UNITED STATES DISTRICT COURT EASTERN DISTRICT OF NEW YORK ------------------------------------------------------- x SDF9 COBK LLC, Plaintiff, MEMORANDUM & ORDER -against12-CV-3078 (ENV)(RML) AF & AR LLC, ALBERT ZA VUROV, CONGREGATION TIFERETH TORNOR: DVORA SFARD, INC., Y. ZAVUROV, E BUSINESS SERVICES, F. ZA VUROVA, N. ZA VUROVA, and NEW YORK CITY ENVIRONMENTAL BOARD BUREAU, Defendants. ------------------------------------------------------- x VITALIANO, D.J. Defendants Yakov Zavurov, Frida Zavurova, and Nisin Zavurova, tenants residing in the real property that is the subject of this foreclosure dispute, have filed a notice of appeal from the Court's April 27, 2015 denial of their emergency application to enjoin plaintiff SDF9 COBK LLC ("SDF9") from conveying rights and title to the subject property at auction sale. 1 On April 28, 2015, pursuant to Rule 62(c), or alternatively Rule 62(d), of the Federal Rules of Civil Procedure, defendants renewed their application, 1 The Court presumes the parties' familiarity with the facts and history of this case, including the traverse hearing which led to the denial of defendants' motion to dismiss for want of in personam jurisdiction, and will not repeat them here. 1 requesting a stay of the sale, scheduled to take place later that day pending appeal. Despite their failure to file a supersedeas bond in the full amount of the judgment, and with an eye toward avoiding the added expense to plaintiff of another public notice of auction sale, the Court granted defendants' emergency request to the extent that, while permitting SDF9 to proceed with the auction sale, it temporarily restrained SDF9 from transferring any rights, title, or interest in the subject property to the successful bidder without further court order. The auction sale took place, as scheduled, but, because no bidders other than plaintiff participated, SDF9 obtained ownership rights in the foreclosed property with a winning bid of$1000. (Yellen Deel., ECF No. 72, at 5 n.2). Following the sale, and with plaintiff restrained from transferring title, defendants offered to post a partial supersedeas bond "in an amount that is practicable, which would insulate [SDF9] for any loss incurred while the appeal is pending, in lieu of the full amount of judgment." (Defs.' Reply, ECF No. 73, at~ 75). For the reasons and to the extent set forth below, defendants' motion for a stay restricting plaintiff from transferring, rights, title, or interest in the subject property is granted. 2 Discussion "[A] party arguing entitlement to a stay pending appeal, directed to the court which issued the order that is being appealed, faces the Sisyphean task of convincing the court that it was in error and substantially likely to be reversed on appeal." In re Albicocco, No. 06-CV-3409, 2006 WL 2620464, at *5 (E.D.N.Y. Sept. 13, 2006). Rule 62(c) confers jurisdiction on a district court to issue a stay of an order denying injunctive relief/ and to require the appellant to post a bond, "'to preserve the status quo pending appeal."' Safeco Ins. Co. ofAm. v. M.E.S., Inc., No. 09-CV-3312, 2010 WL 5464894, at *3 (E.D.N.Y. Dec. 29, 2010) (citations omitted). Relatedly, Rule 62(d) provides for a stay "as of right" by posting a sufficient supersedeas bond in the full amount of the judgment. Cohen v. Metropolitan Life Ins. Co., 334 F. App'x 375, 378 (2d Cir. 2009); de la Fuente v. DC/ Telecomm., Inc., 269 F. Supp. 2d 237, 240 (S.D.N.Y. 2003). The bond serves three purposes: (1) it ensures the judgment debtor may obtain a refund if he or she is meritorious on appeal (in lieu of paying the judgment before appealing); (2) it mitigates any risk that the judgment debtor may not be able to fulfill the judgment after appeal; and 2 Movants seek dismissal of the action but, part and parcel of the application, is their request that the Court discharge the equitable order it entered permitting plaintiff to auction the subject property as part of the foreclosure judgment. 3 (3) it guarantees that the appellee can recover damages caused by any delay incident to the appeal, such as interest and costs. 3 In re Nassau Cnty. Strip Search Cases, 783 F.3d 414, 417 (2d Cir. 2015); Morgan Guar. Trust Co. of N. Y. v. Republic of Palau, 702 F. Supp. 60, 65 (S.D.N.Y. 1988). "Despite these advantages, however, the Second Circuit has recognized that 'an inflexible requirement for impressment of a lien and denial of a stay of execution unless a supersedeas bond in the full amount of the judgment is posted can in some circumstances be irrational, unnecessary, and selfdefeating, amounting to a confiscation of the judgment debtor's property without due process."' Morgan Guar. Trust Co., 702 F. Supp. at 65 (quoting Texaco Inc. v. Pennzoil Co., 784 F.2d 1133, 1154 (2d Cir. 1986), rev'd on other grounds, 481 U.S. 1, 107 S. Ct. 1519, 95 L. Ed. 2d 1 (1987)). Accordingly, an appellant may post a partial supersedeas bond, or none at all, subject to the district court's approval, if posting the full amount is unnecessary under the circumstances of the case to protect the appellee's interests. See id. (citing Texaco, 784 F.2d at 1154). Clearly, a "district court has discretion to grant a With regard to covl.'i~lt! costs, the Second Circuit distinguishes a supersedeas bond from what is known as a "cost bond" or "appeal bond." Adsani v. Miller, 139 F.3d 67, 70 n.2 (2d Cir. 1998). "A 'supersedeas bond' is retrospective covering sums related to the merits of the underlying judgment (and stay of its execution), whereas a 'cost bond' is prospective relating to the potential expenses of litigating an appeal." Id. (quoting The Astoria v. Slayne, 1 F.R.D. 742, 743 (E.D.N.Y. 1941)). 3 4 stay of judgment with no supersedeas bond or with only a partial supersedeas bond if doing so does not unduly endanger the judgment creditor's interest in ultimate recovery." Id. (compiling cases). The judgment debtor seeking to reduce the supersedeas bond amount "bears the burden of showing 'specific reasons' why a stay is appropriate." Ambac Assurance Corp. v. Adelanto Pub. Util. Auth., No. 09-CV-5087, 2014 WL 2893306, at *3 (S.D.N.Y. June 26, 2014) (citation omitted). In determining whether to grant a stay without requiring the appellant to post a full-amount supersedeas bond, there are four factors a district court must consider: (1) whether the stay applicant has made a strong showing that he is likely to succeed on the merits; (2) whether the applicant will be irreparably injured absent a stay; (3) whether issuance of the stay will substantially injure the other parties interests in the proceeding; and (4) where the public interest lies. In re World Trade Center Disaster Site Litig., 503 F.3d 167, 170 (2d Cir. 2007) (internal quotation marks and citation omitted). "[T]he degree to which a factor must be present varies with the strength of the other factors, meaning that more of one [factor] excuses less of the other." Id. In gauging the likelihood of success on appeal, "the necessary level or degree of possibility of success will vary according to the Court's assessment of the other stay factors." Tummino v. Hamburg, 936 F. Supp. 2d 198, 201 (E.D.N.Y. 2013) 5 (citations, alterations, and internal quotation marks omitted). That is,'" [t]he probability of success that must be demonstrated [by appellant] is inversely proportional to the amount of irreparable injury [appellant] will suffer absent the stay.'" Thapa v. Gonzales, 460 F.3d 323, 334-45 (2d Cir. 2006) (alteration in original) (quoting Mohammed v. Reno, 309 F.3d 95, 101 (2d Cir. 2002)). As for the merits of their appeal, in addition to their personal jurisdiction objection, defendants argue that the original plaintiff in this action, Capital One, National Association ("Capital One"), from whom SDF9 derives its rights and interests, has its "nerve center" in New York. This factual contention rests on Capital One's 10-K filings, which indicate that it conducts significant business in New York. Its New York presence, defendants claim, destroys diversity and deprives the Court of subject-matter jurisdiction. (Defs.' Reply, at,, 43-45). It is a contention with no support at law; Capital One's citizenship for diversity purposes is not even reasonably arguable. Capital One, it appears, is a "national bank[] with [its] main offices located in Virginia. For purposes of diversity jurisdiction, ... [it is] 6 considered [a) citizen only ofVirginia." 4 BanxCorp. v. Costco Wholesale Corp., 978 F. Supp. 2d 280, 312 (S.D.N.Y. 2013) (emphasis added) (citing Wachovia Bank v. Schmidt, 546 U.S. 303, 307, 126 S. Ct. 941, 163 L. Ed. 2d 797 (2006) (holding a national banks is not "deemed a citizen of every State in which it conducts its business or is otherwise amendable to personal jurisdiction," but is a citizen of "the State designated in its articles of association as its main office")); see also Excelsior Funds, Inc. v. JP Morgan Chase Bank, N.A., 470 F. Supp. 2d 312, 322 (S.D.N.Y. 2006) (holding, for diversity purposes, that a "national bank is not also 'located' in the state where it maintains its principal place of business[) when that state is different from the state of the national bank's main office"); One West Bank, FSB v. Joam LLC, No. 10-CV-1063, 2011 WL 6967635, at *3-4 (E.D.N.Y. July 16, 2011) (confirming that a national bank's principal place of business plays no part in determining its citizenship for purposes of diversity jurisdiction). Based on these principles, although it is downright futile to present, as 4 Defendants also note that SDF9 is a New York corporation. (Defs.' Reply, at ~ 9). But, it is a "well-established rule that diversity of citizenship is assessed at the time the action is filed," and "if jurisdiction exists at the time an action is commenced, such jurisdiction may not be divested by subsequent events." Freeport-McMoRan, Inc. v. KN Energy, Inc., 498 U.S. 426, 111 S. Ct. 858, 112 L. Ed. 2d 951 (1991) (quoting Wichita R.R. & Light Co. v. Pub. Util. Comm'n of Kan., 260 U.S. 48, 54, 43 S. Ct. 51, 67 L. Ed. 124 (1922) ("Jurisdiction once acquired ... is not divested by a subsequent change in the citizenship of the parties.")). 7 defendants intend, their subject matter jurisdiction argument, they still may have preserved their in personam jurisdiction arrow in their quiver-and it is centered on a question of fact which, no matter how unlikely, at least offers a prayer for success on appeal. Moreover, the Court, of course, must consider the other factors, which can more than make up for a slim possibility of success on the merits. See Thapa, 460 F.3d at 334-45. Unlike the public interest factor, which, other than the general interest in a fair and just resolution of the matters in dispute, is not implicated at all, see, e.g., Chevron Corp. v. Donziger, No. 11-CV-691, 2011 WL 1408386, at *4 (S.D.N.Y. Apr. 6, 2011); Leinster Inter S.A. v. Botley Ltd., No. 09-CV-3874, 2009 WL 5246211, at *1 (S.D.N.Y. Dec. 30, 2009), the second and third factors, which measure irreparable harm to the parties (defined as "certain and imminent harm for which a monetary award does not adequately compensate," Wisdom Import Sales Co. v. Labatt Brewing Co., 339 F.3d 101, 113-14 (2d Cir. 2003)), do present issues for consideration. For defendants, there is unquestionably potential irreparable harm in not granting a stay because, "[g]enerally, eviction from one's home constitutes irreparable injury." Ayyad-Rama/lo v. Marine Terrace Assocs. LLC, No. 13CV-7038, 2014 WL 2993448, at *4 (E.D.N.Y. July 2, 2014) (collecting cases). Indeed, if there is an "imminent danger" of eviction, " [c] leary, the 8 [appellants] will suffer irreparable harm by losing their only residence." Ca/vagno v. Bisbal, 430 F. Supp. 2d 95, 100 (E.D.N.Y. 2006). Harm of this nature has the power to tip the "balance of hardships [] decidedly" in the appellants' favor. Id. Defendants advance potential eviction as a very real harm, arguing that "the relocation of multiple families comprised of human beings of various ages, including children," (Defs.' Reply, at~ 63), which is made more likely by this upset of the status quo, creates significant injury. On the other side of the coin, and not to be lost in the shuffle, the balancing test recognizes that "creditors certainly have a strong interest in obtaining proceeds from sale of[] assets before they dissipate." Albicocco, 2006 WL 2620464, at *4 n.8. However, the circumstances here demonstrate that there is virtually no risk of asset dissipation. Specifically, plaintiff, at the April 28, 2015 auction sale, obtained all rights to the subject property (already fully encumbered by its mortgage) with merely a $1000 bid. Since the sale has been completed (but for closing), and no bidders other than SDF9 found it worth enough to even make a bid, and with no new auction sale costs reasonably in the offing, no obvious harm to plaintiff can come from a stay. Nor can plaintiff genuinely fear that any delay in transferring title to itself could have an adverse effect on the future value of the property. The absence of bidders at the auction sale suggests, flatly, that the property is, when 9 viewed on the open market, worth less than plaintiff's mortgage. The value of the property can only increase over time, not dissipate. The exposure to plaintiff, as creditor, is nil, and, as a consequence, the irreparable harm factors weigh decidedly in defendants' favor. These are the principal support beams upon which this decision rests. Given the circumstances presented, any balance of the hardships in this case must weigh entirely in favor of defendants. Notwithstanding that there is only the slightest possibility of success, a stay without a substantial supersedeas bond is warranted by the absence of harm to plaintiff. See Thapa, 460 F.3d at 334-45. Considering it possible, albeit remotely, that defendants may succeed on appeal, the Court will extend the temporary stay on any transfer of title to the subject property, by plaintiff to itself, so that defendants may seek review from the Second Circuit without jeopardizing their right to remain in possession of their residence. Conclusion For the foregoing reasons, defendants' motion for injunctive relief is granted to the extent that the restriction that this Court imposed on plaintiff's ability to transfer title of the foreclosed property is extended pending appeal to the Second Circuit. As a condition of this relief, defendants are directed to post forthwith a supersedeas bond in the amount of $15,000 for any costs 10 recoverable under such bond that plaintiff incurs should defendants be unsuccessful on appeal. If defendants fail to perfect their appeal within the time allotted by the Second Circuit, plaintiff is granted leave to seek an order dissolving the stay. So Ordered. Dated: Brooklyn, New York May 15, 2015 s/Eric N. Vitaliano •v ERIC N. VITALIANO ... United States District Judge 11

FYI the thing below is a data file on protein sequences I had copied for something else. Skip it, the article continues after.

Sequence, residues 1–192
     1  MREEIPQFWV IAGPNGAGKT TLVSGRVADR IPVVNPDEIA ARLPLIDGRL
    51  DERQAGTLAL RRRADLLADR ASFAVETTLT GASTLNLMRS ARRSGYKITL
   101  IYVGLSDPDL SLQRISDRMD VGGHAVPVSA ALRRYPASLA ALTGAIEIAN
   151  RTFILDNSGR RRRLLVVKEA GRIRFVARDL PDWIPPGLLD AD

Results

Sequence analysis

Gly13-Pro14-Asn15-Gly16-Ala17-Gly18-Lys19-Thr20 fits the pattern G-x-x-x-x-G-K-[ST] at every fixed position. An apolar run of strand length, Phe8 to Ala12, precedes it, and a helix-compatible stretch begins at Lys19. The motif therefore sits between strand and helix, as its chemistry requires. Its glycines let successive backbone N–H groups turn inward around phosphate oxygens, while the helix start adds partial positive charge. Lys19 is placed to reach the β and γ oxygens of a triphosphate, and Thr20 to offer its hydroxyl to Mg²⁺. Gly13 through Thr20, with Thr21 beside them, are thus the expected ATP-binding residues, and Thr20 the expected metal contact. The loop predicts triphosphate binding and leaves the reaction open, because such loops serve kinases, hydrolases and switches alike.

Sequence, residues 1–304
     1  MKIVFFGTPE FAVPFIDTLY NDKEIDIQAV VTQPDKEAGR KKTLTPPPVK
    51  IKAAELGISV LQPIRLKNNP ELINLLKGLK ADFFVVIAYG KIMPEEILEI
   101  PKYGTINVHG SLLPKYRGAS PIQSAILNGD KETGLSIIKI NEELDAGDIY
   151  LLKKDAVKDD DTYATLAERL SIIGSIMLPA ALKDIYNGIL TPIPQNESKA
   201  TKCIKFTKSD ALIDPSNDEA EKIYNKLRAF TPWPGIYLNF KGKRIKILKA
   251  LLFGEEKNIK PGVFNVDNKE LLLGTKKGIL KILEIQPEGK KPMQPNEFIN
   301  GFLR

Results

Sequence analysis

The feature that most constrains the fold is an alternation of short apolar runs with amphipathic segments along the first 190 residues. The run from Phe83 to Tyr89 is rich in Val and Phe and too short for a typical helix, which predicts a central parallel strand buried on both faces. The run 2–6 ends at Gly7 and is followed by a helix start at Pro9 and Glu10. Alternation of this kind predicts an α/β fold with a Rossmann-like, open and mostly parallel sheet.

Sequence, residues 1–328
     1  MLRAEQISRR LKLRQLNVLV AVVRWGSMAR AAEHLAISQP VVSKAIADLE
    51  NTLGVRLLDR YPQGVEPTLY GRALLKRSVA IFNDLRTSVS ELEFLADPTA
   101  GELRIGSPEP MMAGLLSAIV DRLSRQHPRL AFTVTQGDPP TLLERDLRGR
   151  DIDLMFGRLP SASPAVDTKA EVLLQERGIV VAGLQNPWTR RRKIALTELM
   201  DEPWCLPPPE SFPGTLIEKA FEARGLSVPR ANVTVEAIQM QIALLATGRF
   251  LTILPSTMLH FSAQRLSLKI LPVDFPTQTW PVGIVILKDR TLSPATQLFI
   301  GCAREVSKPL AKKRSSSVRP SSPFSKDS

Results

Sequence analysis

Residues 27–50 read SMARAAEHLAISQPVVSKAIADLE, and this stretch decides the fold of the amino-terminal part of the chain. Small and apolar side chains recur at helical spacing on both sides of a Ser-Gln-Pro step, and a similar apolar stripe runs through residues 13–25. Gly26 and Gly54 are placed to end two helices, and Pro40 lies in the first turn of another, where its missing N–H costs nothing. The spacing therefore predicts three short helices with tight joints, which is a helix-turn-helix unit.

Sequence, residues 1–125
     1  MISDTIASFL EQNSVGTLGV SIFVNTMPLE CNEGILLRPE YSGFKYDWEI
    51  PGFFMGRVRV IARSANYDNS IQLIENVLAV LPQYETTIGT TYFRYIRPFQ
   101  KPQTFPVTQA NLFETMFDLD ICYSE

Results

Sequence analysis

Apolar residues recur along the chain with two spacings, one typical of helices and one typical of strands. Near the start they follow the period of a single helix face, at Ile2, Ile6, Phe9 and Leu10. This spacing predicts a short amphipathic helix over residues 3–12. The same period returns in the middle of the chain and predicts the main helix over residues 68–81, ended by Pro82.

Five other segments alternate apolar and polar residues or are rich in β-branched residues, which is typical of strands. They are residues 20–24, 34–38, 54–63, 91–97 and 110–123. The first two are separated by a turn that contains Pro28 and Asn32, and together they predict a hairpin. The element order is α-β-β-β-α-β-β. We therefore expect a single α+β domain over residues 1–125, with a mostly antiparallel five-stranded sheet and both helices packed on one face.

Disclaimer: Justia Dockets & Filings provides public litigation records from the federal appellate and district courts. These filings and docket sheets should not be considered findings of fact or liability, nor do they necessarily reflect the view of Justia.

Why Is My Information Online?